Thursday, May 13, 2021

Palo Alto Players goes live with 'Tea for Three'

From left: Gwendolyne Wagner as Lady Bird Johnson, Patricia Tyler as Betty Ford, Gabriella Goldstein as Pat Nixon. (Photo by Joyce Goldschmid) 

 Local theater lovers finally can see a fully staged play in person thanks to Palo Alto Players.

Celebrating its 90th season, the company is presenting “Tea for Three, Lady Bird, Pat and Betty” by Eric H. Weinberger and Elaine Bromka.

As the title implies, the play focuses on the first ladies who occupied the White House during the tumultuous period between 1963 and 1977.

It opens with the sound of President Lyndon Johnson announcing in 1968 that he will not seek a second elected term in office. Then his wife, Lady Bird Johnson (Gwendolyne Wagner), begins a 25-minute monologue talking about her life and her relationship with the president.

As vice president, LBJ became president on Nov. 22, 1963, after President John F. Kennedy was assassinated. She talks about that terrible day and the actions of Jackie Kennedy, who nevertheless gave her a White House tour a few days later.

Now Lady Bird is preparing to give her successor, Pat Nixon (Gabriella Goldstein), a tour.

Pat’s monologue is preceded by Richard Nixon’s resignation speech on Aug. 9, 1974, during his second term following the Watergate scandal, which she thinks was a setup. Like Lady Bird, she discusses her life and relationship with her husband.

She does this while awaiting her successor, Betty Ford (Patricia Tyler), whose husband, Gerald, became vice president after the resignation of Spiro Agnew, and then president after Nixon’s resignation.

Unlike the two women before her, Betty is still in her dressing gown while waiting for Rosalynn Carter, whose husband, Jimmy, defeated Ford in the 1976 election.

And unlike the other two, she drinks and takes pills, which she said she uses for arthritis pain. Although the play doesn’t say so, she founded the Betty Ford Center for drug and alcohol rehabilitation.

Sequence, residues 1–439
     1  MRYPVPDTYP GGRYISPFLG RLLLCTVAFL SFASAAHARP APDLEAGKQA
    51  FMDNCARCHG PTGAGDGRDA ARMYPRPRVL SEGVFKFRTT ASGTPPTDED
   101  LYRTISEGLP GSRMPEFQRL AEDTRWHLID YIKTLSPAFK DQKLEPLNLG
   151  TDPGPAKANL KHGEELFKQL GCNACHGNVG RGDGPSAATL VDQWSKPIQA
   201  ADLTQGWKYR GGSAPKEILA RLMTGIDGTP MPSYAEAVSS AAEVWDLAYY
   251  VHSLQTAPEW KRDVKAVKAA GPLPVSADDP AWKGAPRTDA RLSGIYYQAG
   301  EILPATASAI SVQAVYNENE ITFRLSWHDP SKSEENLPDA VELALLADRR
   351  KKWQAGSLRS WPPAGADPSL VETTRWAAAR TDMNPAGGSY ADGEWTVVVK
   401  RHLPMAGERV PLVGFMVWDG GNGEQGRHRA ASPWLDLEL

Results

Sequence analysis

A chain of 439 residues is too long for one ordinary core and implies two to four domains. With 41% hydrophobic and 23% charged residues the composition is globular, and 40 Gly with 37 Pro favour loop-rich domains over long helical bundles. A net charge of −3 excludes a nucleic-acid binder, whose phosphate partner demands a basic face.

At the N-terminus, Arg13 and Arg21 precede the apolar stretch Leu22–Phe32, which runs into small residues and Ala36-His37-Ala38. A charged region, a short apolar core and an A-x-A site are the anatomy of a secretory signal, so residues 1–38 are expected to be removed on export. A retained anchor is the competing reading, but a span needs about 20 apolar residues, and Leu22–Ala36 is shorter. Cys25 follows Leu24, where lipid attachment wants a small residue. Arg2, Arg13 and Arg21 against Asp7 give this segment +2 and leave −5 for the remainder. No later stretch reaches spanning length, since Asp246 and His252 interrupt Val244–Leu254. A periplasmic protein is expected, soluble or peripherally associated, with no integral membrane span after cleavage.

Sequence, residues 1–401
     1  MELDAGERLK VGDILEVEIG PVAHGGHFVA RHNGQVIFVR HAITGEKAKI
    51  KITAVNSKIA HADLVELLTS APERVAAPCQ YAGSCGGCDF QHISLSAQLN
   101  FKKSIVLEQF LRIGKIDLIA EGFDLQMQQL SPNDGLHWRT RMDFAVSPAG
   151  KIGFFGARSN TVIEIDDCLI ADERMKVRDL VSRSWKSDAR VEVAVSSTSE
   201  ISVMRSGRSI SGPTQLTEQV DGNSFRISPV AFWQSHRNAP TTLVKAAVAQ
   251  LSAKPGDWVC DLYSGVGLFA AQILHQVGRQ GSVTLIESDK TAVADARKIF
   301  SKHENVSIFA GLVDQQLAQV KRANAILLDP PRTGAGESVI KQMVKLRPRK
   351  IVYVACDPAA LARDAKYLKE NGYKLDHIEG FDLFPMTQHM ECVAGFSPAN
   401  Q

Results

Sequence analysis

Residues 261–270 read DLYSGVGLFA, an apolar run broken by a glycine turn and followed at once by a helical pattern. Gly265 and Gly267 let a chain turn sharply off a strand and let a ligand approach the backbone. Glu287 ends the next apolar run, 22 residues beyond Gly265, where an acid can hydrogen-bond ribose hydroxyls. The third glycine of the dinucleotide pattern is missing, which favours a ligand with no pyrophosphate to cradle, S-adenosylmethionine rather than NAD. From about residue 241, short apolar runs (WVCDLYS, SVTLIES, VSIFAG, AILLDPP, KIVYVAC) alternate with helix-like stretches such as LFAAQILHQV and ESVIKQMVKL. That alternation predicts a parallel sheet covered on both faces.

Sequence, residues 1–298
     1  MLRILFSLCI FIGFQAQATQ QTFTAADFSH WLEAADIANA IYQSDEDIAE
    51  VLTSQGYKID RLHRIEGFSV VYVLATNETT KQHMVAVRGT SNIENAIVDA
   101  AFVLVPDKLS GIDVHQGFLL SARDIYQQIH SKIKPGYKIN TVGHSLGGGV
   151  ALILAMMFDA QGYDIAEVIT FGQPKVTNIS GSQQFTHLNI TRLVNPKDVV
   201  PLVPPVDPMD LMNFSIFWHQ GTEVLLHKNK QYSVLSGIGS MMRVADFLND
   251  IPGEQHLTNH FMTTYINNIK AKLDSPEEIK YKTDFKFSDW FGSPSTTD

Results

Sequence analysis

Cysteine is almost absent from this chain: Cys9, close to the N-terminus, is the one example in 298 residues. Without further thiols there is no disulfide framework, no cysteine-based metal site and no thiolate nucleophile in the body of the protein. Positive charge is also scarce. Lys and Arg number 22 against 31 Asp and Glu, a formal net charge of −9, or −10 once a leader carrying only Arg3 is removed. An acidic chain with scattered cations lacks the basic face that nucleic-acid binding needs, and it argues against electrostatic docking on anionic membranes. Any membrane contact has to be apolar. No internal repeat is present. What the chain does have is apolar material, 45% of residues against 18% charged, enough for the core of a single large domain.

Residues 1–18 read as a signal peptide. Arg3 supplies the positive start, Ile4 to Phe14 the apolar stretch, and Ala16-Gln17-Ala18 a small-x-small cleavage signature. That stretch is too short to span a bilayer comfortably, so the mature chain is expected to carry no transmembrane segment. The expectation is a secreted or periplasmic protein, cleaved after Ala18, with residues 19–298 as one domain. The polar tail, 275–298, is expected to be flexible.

But like the two before her, she talks about her relationship with her husband and her own life, which included a divorce and a successful battle against breast cancer.

The 75-minute, intermission-less play is ably directed by Patrick Klein, the company’s artistic director with costumes by R. Dutch Fritz.

Although it’s a live performance, it’s far from usual. Because of the coronavirus pandemic that has halted live performances for 14 months, it involves numerous safety protocols.

It’s staged outdoors in the grassy patio of the Lucie Stern Community Center. Attendance is limited to about 50 with patrons seated 6 feet apart singly or in pairs. Masks are required.

Because it’s outdoors, early evenings can be chilly, so dressing in layers is advised.   Airplane noise and sounds from the neighboring Junior Museum & Zoo can be heard, but they don’t interfere with enjoyment of this interesting look at the nation’s recent past.

Live performances will continue through May 23 at 1305 Middlefield Road. Streaming performances will be available from May 19 through May 23.

For tickets and more information, call (650) 329-0891 or visit